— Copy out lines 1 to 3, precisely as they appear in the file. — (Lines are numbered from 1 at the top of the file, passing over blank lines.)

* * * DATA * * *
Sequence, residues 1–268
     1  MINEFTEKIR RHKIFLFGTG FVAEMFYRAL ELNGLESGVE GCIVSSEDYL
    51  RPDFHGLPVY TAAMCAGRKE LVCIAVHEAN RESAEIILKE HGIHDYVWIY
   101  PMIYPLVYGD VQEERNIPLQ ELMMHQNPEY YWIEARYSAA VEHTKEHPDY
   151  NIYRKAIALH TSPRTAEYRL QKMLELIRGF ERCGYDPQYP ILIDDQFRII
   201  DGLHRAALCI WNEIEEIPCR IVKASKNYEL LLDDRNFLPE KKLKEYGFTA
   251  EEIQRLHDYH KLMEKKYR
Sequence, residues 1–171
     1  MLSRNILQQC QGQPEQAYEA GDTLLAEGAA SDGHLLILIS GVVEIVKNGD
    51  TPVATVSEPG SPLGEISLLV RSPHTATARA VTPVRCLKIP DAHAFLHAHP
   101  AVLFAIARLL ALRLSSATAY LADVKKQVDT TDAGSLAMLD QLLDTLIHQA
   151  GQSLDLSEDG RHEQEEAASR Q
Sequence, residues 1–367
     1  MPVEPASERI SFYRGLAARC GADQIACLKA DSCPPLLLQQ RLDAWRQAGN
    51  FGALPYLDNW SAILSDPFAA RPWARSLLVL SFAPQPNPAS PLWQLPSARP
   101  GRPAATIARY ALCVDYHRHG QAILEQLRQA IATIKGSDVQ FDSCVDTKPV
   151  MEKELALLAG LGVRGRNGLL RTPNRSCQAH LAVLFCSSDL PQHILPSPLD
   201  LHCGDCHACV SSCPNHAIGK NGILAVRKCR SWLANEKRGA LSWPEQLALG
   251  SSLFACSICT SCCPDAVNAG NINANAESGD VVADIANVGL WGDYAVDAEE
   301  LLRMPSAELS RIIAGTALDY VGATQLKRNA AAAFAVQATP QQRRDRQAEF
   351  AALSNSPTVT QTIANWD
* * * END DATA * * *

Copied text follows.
Sequence, residues 1–268
     1  MINEFTEKIR RHKIFLFGTG FVAEMFYRAL ELNGLESGVE GCIVSSEDYL
    51  RPDFHGLPVY TAAMCAGRKE LVCIAVHEAN RESAEIILKE HGIHDYVWIY